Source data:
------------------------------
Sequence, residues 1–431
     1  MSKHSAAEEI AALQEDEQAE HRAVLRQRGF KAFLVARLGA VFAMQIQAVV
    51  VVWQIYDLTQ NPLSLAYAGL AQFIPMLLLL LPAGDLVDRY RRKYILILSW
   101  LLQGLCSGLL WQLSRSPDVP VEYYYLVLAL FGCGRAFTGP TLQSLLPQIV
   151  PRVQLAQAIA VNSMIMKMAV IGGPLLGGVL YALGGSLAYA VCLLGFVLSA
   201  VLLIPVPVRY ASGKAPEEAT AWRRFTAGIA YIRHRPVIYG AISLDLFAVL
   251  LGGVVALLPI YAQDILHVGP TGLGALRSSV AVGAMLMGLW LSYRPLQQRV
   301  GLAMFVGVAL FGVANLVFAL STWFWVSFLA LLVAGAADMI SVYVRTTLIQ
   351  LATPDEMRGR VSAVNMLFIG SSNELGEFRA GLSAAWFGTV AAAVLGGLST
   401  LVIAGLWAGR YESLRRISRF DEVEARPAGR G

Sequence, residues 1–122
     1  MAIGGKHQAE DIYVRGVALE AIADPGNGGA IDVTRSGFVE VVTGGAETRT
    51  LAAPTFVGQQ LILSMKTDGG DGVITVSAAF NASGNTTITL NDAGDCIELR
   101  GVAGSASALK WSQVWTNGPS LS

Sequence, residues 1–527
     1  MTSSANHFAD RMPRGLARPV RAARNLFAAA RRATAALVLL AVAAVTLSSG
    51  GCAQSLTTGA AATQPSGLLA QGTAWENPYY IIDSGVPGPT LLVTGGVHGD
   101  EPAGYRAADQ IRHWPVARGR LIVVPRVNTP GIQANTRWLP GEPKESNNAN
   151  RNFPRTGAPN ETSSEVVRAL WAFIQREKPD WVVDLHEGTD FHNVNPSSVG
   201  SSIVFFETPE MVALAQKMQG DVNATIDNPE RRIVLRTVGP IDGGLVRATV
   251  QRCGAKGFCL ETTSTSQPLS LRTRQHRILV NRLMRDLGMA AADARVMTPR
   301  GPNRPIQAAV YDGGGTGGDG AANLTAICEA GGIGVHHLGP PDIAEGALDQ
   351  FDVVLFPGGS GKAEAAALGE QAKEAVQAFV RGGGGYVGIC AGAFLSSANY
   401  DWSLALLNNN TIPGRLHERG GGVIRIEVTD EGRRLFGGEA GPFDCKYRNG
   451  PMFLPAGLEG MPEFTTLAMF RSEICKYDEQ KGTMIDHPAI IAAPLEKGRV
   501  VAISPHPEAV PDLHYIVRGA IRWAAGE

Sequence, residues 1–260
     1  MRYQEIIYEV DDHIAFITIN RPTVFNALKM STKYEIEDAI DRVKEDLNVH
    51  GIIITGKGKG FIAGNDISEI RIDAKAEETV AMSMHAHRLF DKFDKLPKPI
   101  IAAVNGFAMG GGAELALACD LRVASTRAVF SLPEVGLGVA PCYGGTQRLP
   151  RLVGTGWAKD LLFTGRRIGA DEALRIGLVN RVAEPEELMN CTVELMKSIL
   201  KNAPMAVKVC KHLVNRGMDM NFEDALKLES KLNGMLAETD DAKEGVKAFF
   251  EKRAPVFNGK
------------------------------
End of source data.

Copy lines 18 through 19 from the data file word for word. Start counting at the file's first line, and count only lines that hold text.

   101  EPAGYRAADQ IRHWPVARGR LIVVPRVNTP GIQANTRWLP GEPKESNNAN
   151  RNFPRTGAPN ETSSEVVRAL WAFIQREKPD WVVDLHEGTD FHNVNPSSVG